Clinical studies, also called clinical trials, are essential to disease research. No matter how promising a new intervention looks when tested in the laboratory (nonclinical studies) or in animals (preclinical studies), it cannot be approved for general use in people until it has been carefully evaluated through several phases of clinical study—research involving a select group of people who volunteer to try the intervention under close monitoring.
Research Leads to New Interventions
Clinical studies test assumptions held by doctors and researchers to see if they are, in fact, true. Every advance in cancer treatment in recent years has come out of a clinical study. Without clinical studies, new interventions could not be approved. And a study that disproves the effectiveness of one intervention, while disappointing, is just as important as a study that proves the effectiveness of another intervention.
Finding enough people to volunteer for a clinical study is sometimes a problem for researchers. In fact, a lack of volunteers has been cited as a main reason one out of five adult cancer clinical studies is not completed. Nationally, less than 5 percent of cancer patients take part in clinical studies. There are many reasons for this low participation rate, including a lack of information about clinical studies and misconceptions about clinical studies. Greater participation in studies could help speed up the search for new interventions.
Diversity Matters in Studies
It is important in any study to have a diverse group of participants to represent the broader population and ensure that the intervention is safe and effective for all people. A clinical study of a new treatment done only with men, for example, may not tell doctors how women will respond to the treatment. A study done only with adults may not give reliable information on how children will respond.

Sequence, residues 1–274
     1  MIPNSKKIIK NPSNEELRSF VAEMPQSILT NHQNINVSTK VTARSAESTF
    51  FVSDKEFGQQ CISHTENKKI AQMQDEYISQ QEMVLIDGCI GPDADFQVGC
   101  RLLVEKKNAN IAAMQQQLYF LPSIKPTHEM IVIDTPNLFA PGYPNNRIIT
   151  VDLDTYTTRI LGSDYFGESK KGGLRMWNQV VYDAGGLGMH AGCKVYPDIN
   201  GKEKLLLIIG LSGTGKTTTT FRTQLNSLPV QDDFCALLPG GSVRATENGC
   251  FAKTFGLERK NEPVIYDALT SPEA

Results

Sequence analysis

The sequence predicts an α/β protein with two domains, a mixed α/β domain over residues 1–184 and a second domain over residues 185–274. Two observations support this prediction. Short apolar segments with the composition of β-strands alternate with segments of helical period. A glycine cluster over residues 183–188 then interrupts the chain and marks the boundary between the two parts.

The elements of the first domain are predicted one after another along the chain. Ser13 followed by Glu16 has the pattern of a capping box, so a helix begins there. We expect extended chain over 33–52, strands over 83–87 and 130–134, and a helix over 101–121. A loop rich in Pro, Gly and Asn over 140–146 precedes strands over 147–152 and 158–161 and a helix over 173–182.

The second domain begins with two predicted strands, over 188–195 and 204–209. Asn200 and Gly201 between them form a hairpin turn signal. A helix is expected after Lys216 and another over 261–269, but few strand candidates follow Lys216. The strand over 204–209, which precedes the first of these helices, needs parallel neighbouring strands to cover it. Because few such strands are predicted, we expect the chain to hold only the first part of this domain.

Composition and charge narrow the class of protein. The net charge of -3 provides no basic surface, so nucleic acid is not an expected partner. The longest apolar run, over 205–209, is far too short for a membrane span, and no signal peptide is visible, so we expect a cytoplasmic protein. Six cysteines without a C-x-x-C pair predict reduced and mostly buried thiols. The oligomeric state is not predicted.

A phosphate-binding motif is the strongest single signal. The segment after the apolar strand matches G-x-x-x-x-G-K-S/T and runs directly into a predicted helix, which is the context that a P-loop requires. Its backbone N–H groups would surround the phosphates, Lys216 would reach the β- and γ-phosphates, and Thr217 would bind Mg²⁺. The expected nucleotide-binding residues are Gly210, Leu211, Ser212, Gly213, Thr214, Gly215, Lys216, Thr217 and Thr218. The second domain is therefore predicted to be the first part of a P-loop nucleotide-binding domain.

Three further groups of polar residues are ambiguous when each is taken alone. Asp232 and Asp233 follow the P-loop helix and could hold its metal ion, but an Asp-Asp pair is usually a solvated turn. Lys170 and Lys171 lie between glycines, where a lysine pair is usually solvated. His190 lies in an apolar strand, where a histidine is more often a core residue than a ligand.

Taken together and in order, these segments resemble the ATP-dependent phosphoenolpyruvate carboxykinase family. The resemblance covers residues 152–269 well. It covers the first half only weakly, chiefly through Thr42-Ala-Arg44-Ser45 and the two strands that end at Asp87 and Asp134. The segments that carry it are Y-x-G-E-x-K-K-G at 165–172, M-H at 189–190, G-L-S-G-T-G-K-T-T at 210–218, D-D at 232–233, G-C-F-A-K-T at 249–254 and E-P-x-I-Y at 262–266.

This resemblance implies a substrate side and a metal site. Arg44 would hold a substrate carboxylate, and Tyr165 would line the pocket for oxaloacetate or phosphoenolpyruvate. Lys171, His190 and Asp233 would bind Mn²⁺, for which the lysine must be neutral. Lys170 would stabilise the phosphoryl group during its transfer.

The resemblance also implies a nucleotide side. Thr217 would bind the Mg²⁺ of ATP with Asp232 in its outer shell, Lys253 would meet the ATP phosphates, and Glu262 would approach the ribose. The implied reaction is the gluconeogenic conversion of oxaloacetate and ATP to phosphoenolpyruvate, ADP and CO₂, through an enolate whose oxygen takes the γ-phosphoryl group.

Cancer is a disease of aging, but adults in clinical studies are on average quite a bit younger than the average age of all cancer patients. Enrolling more older cancer patients in clinical studies would result in more accurate information about whether and how treatments really work in the people most likely to have the disease.
Ask Your SCCA Specialist About Your Options
Primary care doctors may not know the latest treatments for cancers or other diseases, and they don’t have time to keep up with all—or even most—of the clinical studies underway. In focus groups conducted by the National Cancer Institute, primary care providers said they didn’t feel they had the time to learn about studies, discuss them with their patients, or do the necessary paperwork to enroll participants. They said oncologists should be the ones to discuss cancer clinical studies with patients.
“We have doctors who specialize in different areas of cancer treatment and research,” said F. Marc Stewart, MD, Seattle Cancer Care Alliance (SCCA) medical director. “They have tremendous experience with a single disease or a narrow group of diseases.”
Ask your oncologist or hematologist whether clinical studies might fit into your treatment plan. At SCCA, we encourage all patients to consider participating in studies that are suited to their circumstances. Learn more about clinical studies by reading about the different types of studies and phases of studies.